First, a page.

Volg mij ook op Twitter: @P_A_Kirschner

 

 

 

20/20 Blindsight or There is none so blind as (s)he who will not see

It’s fun to work on a book because in doing that you also learn quite a lot. At the moment I just finished writing - along with two colleagues Pedro de Bruyckere and Casper Hulshof - a book about Urban Legends in education and learning (soon to be published by Elsevier / Academic Press). While researching why myths are so perseverant I came across a number of different reasons from different sources. Here is a short list of my favourites:

Patternicity: First used (actually coined) by Michael Shermer, patternicity is the tendency to find meaningful patterns in random noise. It is strongly related to the phenomenon apophenia, a neologism created by Klaus Conrad to describe the early onset of schizophrenia in which there is an "unmotivated seeing of connections" accompanied by a "specific experience of an abnormal meaningfulness". Shermer argues that our brains are “belief engines” which have evolved to be pattern recognition machines capable of connecting the dots and creating meaning out of “the patterns that we think we see in nature”. The problem here is that while two or more things are sometimes really related to each other (e.g., when a black panther crosses your path, you could get eaten), sometimes they are not (e.g., when a black house cat crosses your path, bad luck will ensue). When the two things are really related (that is, the pattern really exists), we have learned something that we can use in the future to make “predictions that aid in survival and reproduction”. Good pattern recognizers survived (i.e., they fled the panther and were, thus, not eaten).

Agenticity: Also coined by Shermer, agenticity is the bent to believe the world is controlled by invisible intentional agents. The "tendency to infuse patterns with meaning, intention, and agency". When the sun ‘disappears’ during a total solar eclipse, getting on your knees and praying or sacrificing a virgin in a volcano or something else right then will appease the gods and cause them to have the sun reappear - which it eventually does. We – as humans – need this because we need an explanation for things that happen yet don’t understand and if this is the case, we ascribe the cause or control of that thing to an ‘agent’. This is understandable. Because we are humans, we view the world from within our own human context, where we have the idea that everything that we do is determined by us. And in situations where we have no control over what is happening, we then ascribe what has happened / is happening to an agent outside of us. Sometimes the agent has a scientific basis (e.g., movement/orbits of moons and planets, bacteria), but when these are absent, yet unknown or we are too ignorant we ascribe what has happened to agents (e.g., deities, humours). These agents fill in the gaps in our understanding, allowing us to ‘understand’ a complex and sometimes difficult to understand world.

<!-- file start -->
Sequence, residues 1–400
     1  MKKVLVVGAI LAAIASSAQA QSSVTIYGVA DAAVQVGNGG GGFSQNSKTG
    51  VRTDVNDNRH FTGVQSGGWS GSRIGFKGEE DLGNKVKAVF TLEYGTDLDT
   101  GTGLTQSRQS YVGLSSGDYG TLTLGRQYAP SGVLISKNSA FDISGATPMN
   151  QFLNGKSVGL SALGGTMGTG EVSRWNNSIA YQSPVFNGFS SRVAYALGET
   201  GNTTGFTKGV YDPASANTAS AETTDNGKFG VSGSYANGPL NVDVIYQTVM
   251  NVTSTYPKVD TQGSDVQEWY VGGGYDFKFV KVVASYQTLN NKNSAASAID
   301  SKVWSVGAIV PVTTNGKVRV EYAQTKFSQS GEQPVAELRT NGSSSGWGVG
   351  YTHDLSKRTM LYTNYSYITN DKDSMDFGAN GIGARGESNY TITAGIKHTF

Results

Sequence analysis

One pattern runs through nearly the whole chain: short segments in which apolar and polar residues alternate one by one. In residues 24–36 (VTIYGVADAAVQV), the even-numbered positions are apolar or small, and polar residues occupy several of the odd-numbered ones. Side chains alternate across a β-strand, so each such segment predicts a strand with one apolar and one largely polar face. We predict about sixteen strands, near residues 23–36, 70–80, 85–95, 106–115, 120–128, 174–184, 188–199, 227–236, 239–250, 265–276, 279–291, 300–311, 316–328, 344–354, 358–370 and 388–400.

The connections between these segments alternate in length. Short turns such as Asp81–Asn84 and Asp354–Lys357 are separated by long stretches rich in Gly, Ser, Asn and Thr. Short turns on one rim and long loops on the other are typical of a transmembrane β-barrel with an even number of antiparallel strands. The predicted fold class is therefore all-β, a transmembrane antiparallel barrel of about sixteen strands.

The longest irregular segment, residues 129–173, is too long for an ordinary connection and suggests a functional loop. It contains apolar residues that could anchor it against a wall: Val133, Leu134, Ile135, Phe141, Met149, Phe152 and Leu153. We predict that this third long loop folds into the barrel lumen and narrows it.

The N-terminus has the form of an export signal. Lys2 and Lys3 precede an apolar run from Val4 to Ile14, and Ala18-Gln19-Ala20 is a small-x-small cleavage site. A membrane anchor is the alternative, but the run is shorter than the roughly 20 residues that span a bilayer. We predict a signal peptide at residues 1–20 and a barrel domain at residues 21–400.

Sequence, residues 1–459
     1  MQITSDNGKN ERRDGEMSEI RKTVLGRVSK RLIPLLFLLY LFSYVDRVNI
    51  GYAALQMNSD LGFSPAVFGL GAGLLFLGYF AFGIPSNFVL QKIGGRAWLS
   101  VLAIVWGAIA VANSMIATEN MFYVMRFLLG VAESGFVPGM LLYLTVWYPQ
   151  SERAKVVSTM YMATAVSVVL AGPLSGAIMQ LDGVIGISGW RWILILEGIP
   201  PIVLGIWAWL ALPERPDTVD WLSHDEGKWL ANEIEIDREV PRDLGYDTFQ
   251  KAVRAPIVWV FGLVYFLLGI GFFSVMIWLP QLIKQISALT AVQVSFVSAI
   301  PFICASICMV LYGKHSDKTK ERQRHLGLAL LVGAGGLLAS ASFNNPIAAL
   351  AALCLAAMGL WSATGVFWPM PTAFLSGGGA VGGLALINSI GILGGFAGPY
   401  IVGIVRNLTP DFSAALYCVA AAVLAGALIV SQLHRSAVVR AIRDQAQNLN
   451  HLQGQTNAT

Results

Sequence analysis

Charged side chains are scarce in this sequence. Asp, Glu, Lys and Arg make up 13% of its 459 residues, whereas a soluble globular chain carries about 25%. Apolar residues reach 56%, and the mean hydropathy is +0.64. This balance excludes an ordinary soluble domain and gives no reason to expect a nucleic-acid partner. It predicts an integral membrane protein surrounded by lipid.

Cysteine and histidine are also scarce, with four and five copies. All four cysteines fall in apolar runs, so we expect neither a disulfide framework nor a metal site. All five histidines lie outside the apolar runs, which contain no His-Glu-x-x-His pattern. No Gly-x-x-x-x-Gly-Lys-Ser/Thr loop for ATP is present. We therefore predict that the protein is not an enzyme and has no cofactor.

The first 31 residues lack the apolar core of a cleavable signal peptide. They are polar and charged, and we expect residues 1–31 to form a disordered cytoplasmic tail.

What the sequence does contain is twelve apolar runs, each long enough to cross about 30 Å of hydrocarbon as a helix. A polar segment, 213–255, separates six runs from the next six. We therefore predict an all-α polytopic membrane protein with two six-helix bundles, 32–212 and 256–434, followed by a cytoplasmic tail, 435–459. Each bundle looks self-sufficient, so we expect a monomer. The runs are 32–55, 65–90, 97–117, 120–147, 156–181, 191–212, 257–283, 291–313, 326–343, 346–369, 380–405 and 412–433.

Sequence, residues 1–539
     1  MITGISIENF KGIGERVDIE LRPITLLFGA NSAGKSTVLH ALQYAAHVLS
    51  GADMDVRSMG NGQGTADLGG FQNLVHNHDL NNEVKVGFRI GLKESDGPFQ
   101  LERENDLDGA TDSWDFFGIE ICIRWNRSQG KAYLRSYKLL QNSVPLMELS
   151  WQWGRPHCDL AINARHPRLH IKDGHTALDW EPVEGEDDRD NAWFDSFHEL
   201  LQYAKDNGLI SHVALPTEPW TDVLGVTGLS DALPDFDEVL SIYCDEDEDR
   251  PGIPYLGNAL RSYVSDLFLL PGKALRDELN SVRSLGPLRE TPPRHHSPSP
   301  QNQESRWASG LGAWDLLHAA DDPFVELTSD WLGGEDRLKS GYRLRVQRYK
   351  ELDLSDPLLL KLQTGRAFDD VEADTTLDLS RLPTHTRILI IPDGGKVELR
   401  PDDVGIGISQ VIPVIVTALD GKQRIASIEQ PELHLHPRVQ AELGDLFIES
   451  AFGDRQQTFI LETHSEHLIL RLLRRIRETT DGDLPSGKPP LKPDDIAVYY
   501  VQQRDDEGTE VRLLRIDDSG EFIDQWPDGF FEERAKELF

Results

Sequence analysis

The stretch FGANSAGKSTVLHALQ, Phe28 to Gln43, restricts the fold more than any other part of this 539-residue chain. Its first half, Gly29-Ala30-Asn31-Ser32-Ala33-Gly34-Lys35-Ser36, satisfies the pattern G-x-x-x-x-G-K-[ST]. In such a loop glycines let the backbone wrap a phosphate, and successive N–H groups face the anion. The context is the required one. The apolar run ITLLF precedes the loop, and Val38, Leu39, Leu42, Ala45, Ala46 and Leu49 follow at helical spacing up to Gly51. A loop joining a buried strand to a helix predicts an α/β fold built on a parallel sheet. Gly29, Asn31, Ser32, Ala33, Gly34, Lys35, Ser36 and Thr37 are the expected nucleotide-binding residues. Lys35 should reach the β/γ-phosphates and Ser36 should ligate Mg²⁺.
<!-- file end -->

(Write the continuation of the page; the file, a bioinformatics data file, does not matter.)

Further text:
Confirmation bias: We are not objective. We tend to seek and also find confirmatory evidence for what we already believe. Confirmation bias is the tendency that we have to favour information that confirms our beliefs or hypotheses. People display this bias when they gather or remember information selectively, or when they interpret it in a biased way. Confirmation bias – also sometimes referred to as confirmatory bias - is the tendency to remember (i.e., selective recall), search for and/or interpret information in such a way that it confirms our preconceptions. It leads us to make inferences in a specific direction, namely towards confirming what we already believe and disproving what we don’t. In doing this we actively seek out, remember and assign more weight to evidence confirming, substantiating or validating our hypothesis, and ignore or assign less weight to evidence that could do the opposite. As climate change denier, we see the last cold winter as ‘proof’ that the atmosphere is not warming up disregard evidence to the contrary. As such, it is actually a form of selection bias in the evidence we see and collect.